From the Spring 2002 issue of The News Media & The Law, page 46.
Two state supreme courts recently struck down measures barring convicted criminals from profiting from their crimes, determining that they were not drawn narrowly enough to withstand constitutional scrutiny.
The Massachusetts Supreme Judicial Court on March 14 said a proposed “Son of Sam” law would restrict the free speech rights of criminals. That court’s decision follows one by the California Supreme Court on Feb. 21 that struck down a law preventing one of the kidnappers of Frank Sinatra Jr. from making a movie about the 1963 crime.
New York became the first state to enact such a law in 1977 after serial killer David Berkowitz, better known as the “Son of Sam,” received a number of high-priced offers for the rights to his story. But the U.S. Supreme Court struck down the law as unconstitutional in 1991.
The High Court determined in Simon & Schuster v. Crime Victims Board that the New York law was “overinclusive” because it prevented any person who mentions involvement in a crime from profiting, even if that person had never been arrested, charged or convicted of a crime.
Since then, many states have tried fashioning their own “Son of Sam” laws to prevent criminals from profiting from crimes. But most states find it difficult to craft such laws to withstand constitutional scrutiny.
The Massachusetts decision came after the Massachusetts Senate asked the Supreme Judicial Court to review its “Crime Victim Compensation” bill after questions were raised about its constitutionality. The bill would have diverted profits criminals made from their crimes to an escrow account reserved for the victims.
The court ruled that it would restrict free speech rights.
“With respect to all types of criminal defendants, the law . . . would impose financial burdens and uncertainties that would, in their practical effect, operate to chill a wide range of expression,” the court wrote.
The court also noted that there were other ways to prevent criminals from reaping financial benefits from their crimes such as specific probation requirements designed to limit their incomes. (S. 1939, Crime Victim Compensation Bill)
The California law barred a convicted felon from making any money from books, movies or other “expressive material” if it involved the story of his crime in a significant way. Any money the felon received would be seized for a victim’s fund and to pay fines and court expenses.
The law was challenged by Barry Keenan, who had been convicted of kidnapping Frank Sinatra Jr. for four days in 1963. Columbia Pictures offered $1.5 million for the film rights to “Snatching Sinatra,” a story that appeared in Los Angeles New Times. Keenan would have received some of the proceeds from Columbia’s offer.
Sinatra filed a lawsuit in 1998, arguing that the California Victims Rights Law prohibited Keenan from receiving any profit from the crime. Keenan argued that the law violated his First Amendment rights.
Both a trial court and the California Court of Appeal ruled in favor of Sinatra and upheld the law. They distinguished the California law from the unconstitutional law in New York, ruling that the California law was less broad and, therefore, did not have the same “overinclusive” defect that the New York law had.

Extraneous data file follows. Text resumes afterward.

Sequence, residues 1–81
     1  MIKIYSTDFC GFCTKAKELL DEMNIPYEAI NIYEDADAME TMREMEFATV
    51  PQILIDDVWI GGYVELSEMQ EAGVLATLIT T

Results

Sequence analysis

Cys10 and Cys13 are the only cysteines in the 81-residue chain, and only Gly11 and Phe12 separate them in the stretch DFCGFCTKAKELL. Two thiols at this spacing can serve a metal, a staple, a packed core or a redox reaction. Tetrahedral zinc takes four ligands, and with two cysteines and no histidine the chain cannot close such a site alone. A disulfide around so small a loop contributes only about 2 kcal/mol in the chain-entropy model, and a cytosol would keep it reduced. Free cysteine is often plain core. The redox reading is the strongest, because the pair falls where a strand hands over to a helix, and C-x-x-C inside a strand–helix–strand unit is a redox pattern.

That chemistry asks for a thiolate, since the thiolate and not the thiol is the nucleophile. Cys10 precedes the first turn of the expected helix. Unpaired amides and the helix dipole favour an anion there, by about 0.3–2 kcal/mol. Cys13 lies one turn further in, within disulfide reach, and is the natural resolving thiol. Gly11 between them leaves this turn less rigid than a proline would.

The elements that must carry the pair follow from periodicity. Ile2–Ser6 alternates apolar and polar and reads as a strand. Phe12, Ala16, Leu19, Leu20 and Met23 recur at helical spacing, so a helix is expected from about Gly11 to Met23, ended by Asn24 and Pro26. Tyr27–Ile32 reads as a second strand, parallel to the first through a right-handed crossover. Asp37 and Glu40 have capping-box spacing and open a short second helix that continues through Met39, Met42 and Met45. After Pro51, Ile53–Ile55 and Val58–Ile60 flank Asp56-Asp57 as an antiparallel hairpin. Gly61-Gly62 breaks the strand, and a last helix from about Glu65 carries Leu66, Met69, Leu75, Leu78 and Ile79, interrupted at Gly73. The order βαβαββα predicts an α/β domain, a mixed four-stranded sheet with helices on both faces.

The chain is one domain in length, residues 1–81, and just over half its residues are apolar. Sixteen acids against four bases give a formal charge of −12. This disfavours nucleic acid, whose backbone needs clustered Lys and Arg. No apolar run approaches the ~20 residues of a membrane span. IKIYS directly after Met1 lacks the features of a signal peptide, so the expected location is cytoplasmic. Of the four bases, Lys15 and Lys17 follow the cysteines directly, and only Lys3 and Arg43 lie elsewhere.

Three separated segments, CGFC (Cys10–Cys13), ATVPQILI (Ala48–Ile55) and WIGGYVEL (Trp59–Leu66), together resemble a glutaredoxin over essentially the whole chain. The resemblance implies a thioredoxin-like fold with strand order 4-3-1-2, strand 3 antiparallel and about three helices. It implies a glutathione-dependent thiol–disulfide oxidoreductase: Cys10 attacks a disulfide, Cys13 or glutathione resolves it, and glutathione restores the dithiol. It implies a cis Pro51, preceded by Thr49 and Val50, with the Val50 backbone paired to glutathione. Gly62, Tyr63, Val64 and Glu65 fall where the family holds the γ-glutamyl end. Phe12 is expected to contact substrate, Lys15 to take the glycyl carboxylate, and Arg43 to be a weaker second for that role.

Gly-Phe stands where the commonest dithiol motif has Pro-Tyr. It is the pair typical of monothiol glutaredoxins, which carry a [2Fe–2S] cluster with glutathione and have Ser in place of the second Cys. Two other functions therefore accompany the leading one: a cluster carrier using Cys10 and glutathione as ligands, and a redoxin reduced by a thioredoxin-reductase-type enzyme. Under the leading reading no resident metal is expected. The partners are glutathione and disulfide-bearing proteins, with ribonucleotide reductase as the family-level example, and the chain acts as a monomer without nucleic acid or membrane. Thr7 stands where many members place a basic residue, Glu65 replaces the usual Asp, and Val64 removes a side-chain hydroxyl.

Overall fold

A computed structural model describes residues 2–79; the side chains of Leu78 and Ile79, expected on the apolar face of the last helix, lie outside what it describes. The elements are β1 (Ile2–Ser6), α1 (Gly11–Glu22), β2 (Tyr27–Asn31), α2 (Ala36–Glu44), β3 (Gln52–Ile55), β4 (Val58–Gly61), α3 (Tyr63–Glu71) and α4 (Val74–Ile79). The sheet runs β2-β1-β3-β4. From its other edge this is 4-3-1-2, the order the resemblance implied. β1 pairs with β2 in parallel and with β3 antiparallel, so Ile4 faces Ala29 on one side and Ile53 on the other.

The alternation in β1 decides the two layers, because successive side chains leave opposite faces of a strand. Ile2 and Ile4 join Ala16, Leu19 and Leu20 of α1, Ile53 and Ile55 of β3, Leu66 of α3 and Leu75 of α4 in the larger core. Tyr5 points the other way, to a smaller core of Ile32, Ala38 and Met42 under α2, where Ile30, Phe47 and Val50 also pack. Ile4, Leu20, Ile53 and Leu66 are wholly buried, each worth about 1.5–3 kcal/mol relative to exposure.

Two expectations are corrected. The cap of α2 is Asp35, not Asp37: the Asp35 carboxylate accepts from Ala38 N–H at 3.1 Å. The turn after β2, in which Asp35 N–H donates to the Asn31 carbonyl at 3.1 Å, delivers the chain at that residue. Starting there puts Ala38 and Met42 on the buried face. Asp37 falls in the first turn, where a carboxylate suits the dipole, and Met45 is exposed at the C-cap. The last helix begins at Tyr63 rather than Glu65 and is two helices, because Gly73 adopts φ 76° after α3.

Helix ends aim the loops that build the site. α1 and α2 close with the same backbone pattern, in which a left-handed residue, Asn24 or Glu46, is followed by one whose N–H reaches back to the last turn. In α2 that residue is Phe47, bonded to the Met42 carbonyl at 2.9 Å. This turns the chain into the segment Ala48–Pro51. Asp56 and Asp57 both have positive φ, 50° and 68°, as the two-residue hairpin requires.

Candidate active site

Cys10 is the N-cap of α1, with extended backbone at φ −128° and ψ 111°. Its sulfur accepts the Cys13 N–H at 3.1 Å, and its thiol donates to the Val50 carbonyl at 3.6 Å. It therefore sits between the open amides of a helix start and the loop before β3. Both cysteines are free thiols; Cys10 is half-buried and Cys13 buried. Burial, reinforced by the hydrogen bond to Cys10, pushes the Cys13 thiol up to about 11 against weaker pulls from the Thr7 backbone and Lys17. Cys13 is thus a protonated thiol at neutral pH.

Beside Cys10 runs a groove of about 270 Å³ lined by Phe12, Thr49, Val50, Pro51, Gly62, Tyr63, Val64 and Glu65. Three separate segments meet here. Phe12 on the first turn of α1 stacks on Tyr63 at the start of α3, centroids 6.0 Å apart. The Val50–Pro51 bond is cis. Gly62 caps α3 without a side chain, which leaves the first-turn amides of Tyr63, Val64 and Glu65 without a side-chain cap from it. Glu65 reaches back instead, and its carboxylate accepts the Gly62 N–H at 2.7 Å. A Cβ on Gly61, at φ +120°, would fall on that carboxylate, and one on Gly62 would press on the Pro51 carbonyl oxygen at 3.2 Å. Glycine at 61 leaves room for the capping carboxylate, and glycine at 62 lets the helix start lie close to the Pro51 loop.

The appellate court decided that the statute was not similarly defective because it applied only to convicted felons and because it contains an exemption for a mere “passing reference” to a crime.
The California Supreme Court, however, found that the law violated the First Amendment because it inhibited speech “beyond that necessary to serve the state’s compelling interest in compensating crime victims from the fruits of the crime.” The court relied heavily on the ruling in Simon & Schuster.
The court noted that the law was a direct regulation on speech and, therefore, must be invalidated unless it can withstand “strict scrutiny.” A law passes the strict scrutiny test, in the context of “Son-of-Sam” laws, only if the state has a compelling interest in compensating crime victims from the fruits of crime, and the statute at issue is narrowly tailored to fit that purpose.
The court ruled that the California law failed to meet the strict scrutiny test because, like the New York law, it was overinclusive. “[California’s law] contains the fundamental defect identified in Simon & Schuster; it reaches beyond a criminal’s profits from the crime or its exploitation to reach all income from the criminal’s speech or expression on any theme or subject, if the story of the crime is included.”
The court found that the statute was not saved merely because it applied only to convicted felons or because it contained an exemption for a mere “passing reference” to a crime.
“By any reasonable construction, the California statute is still calculated to confiscate all income from a wide range of protected expressive works by convicted felons, on a wide variety of subjects and themes, simply because those works include substantial accounts of the prior felonies,” the court wrote. (Keenan v. Superior Court)
Both states may try to rework their laws to avoid First Amendment problems.
Sean Kealy, spokesman for the Massachusetts bill sponsor, state Sen. Cynthia Creem (D-Newton), said the Massachusetts legislation would be reevaluated and constructed in a less broad manner.
In 2000, Kealy wrote a law review article in which he proposed that “Son of Sam” laws might pass constitutional muster if they were content-neutral and narrowly tailored to ensure that victims received compensation for the crime. He suggested that the Massachusetts law should be deemed constitutional under that standard, but the law was struck down.
“The question is how we’re going to do it,” Kealy said about crafting a new version of the bill. “It’s a pretty difficult decision to get around.” — AG